Ask any Singaporeans what they hate about Singapore and you can bet they’ll mention the weather which, I think everyone can agree, is consistently crappy all year round. And by crappy, I mean it feels like you’re being cooked alive in a sauna all day, every day.
While even the most miserable temperate country experiences a pleasant spring or summer day here and there, there’s never a single nice day in Singapore. But the very fact that you can’t freeze to death here actually saves us quite a bit of money. Don’t get me wrong, I hate the weather too. But here are some ways to be, uh, grateful for the hot weather.
There’s no need to pay for heating
Ask anyone who lives in a country in cold weather and they’ll tell you their electricity bill goes up in the winter, simply because heating is very expensive. It is obvious that heating is not needed at all in Singapore, unless you’re suicidal and wish to gas your entire household to death.
Now, you might say, we don’t need heating but we need air con all year round. And air con is one of the most expensive electrical contraptions you can use at home.
But here’s the thing, whether you want to turn your air con on all day long or never use it it all is a choice. You will not die if you switch to using fans, and some households in Singapore don’t even have air con units. For most people, turning on the air con only for a short period to cool the room before you go to bed is doable, whereas if it’s freezing outside you are more likely to have to warm up your home whenever you’re in it.
You don’t have to buy winter clothes
There are people out there who criticise certain Singaporeans for their sloppy dressing, and the classic SG outfit which consists of Havaianas flip flops, tshirts and shorts.
That’s not necessarily a bad thing. With only one eternal, hot season, there’s no need to buy clothes for other types of weather. Who needs coats, scarves or proper shoes?
It’s also worth noting that winter clothes tend to be on the expensive side. You can buy an entire outfit for tropical weather for under $50 (obviously this means no Prada), but you’d probably end up paying much more for a good coat alone.
If you’re one of those Singaporeans who lament about not being able to wear winter-appropriate clothing, well, your office is probably cold enough if you want to bust out the boots, scarves or trench coats, so go ahead if you like looking ridiculous.
Work never has to stop due to the weather
Anyone who grew up in a location where it might snow in winter probably remembers praying fervently that it would snow on a Monday so they’d be able to skip a day of school.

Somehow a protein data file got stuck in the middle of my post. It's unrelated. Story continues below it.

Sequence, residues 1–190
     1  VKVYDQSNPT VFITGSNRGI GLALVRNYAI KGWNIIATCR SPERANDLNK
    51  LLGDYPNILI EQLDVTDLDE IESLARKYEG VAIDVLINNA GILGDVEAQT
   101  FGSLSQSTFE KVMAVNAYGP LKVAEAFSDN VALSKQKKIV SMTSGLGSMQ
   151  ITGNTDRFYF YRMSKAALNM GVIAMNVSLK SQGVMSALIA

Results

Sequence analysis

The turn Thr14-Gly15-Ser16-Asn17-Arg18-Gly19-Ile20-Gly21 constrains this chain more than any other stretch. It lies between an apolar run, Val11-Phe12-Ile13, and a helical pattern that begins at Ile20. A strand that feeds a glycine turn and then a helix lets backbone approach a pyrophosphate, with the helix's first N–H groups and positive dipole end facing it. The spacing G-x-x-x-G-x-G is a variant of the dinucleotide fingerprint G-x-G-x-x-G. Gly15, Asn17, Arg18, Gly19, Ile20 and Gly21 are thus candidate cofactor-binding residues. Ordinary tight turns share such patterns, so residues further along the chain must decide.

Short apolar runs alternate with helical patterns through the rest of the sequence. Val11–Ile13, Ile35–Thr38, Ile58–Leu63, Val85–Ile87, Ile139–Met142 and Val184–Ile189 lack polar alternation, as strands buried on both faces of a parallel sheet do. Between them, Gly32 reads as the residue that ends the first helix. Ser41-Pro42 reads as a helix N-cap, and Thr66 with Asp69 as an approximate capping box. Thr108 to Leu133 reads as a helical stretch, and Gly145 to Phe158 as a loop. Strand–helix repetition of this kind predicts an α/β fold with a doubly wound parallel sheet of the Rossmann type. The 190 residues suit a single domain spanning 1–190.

Fortunately or unfortunately, in Singapore, work goes on no matter what the weather is like. The closest we’ve ever come to an environmental emergency in recent years was during the haze in 2013, but even then many companies refused to let their employees stay home.
That’s good news if you’re the one doing the employing, or if your income depends on your ability to be out and about, as is the case with insurance agents for example.
If you drive or ride a motorbike or bicycle, you never have to worry about snow making the roads unpassable—although the monsoon rains and inconsiderate road users do a good enough job of that.
Cheap outdoor activities can be enjoyed all year round
Many Singaporeans choose to spend all their time in air conditioned malls because otherwise their faces will melt in the heat, but those who aren’t as high maintenance can enjoy the fact that you can enjoy cheap outdoor activities all year round here.
Having a picnic at the Botanic Gardens, going on a hike at MacRitchie, having a barbecue at East Coast Park, night cycling or just drinking a convenience store beer by the Singapore River are possible pretty much all the time except during monsoon season.
Granted, if you’re the sort of person who spends every weekend shopping in malls or trying out new restaurants, you do not really enjoy the cost savings of being able to spend your free time outdoors.
But seriously, if you haven’t tried yet, go chill out at a roofdeck like the one at Pinnacle@Duxton or organise a picnic at Gardens by the Bay. Just avoid the 10am to 4pm window and you should be able to emerge from the experience without drowning in your own sweat.
How does Singapore’s hot and humid weather affect your spending patterns? Tell us in the comments!
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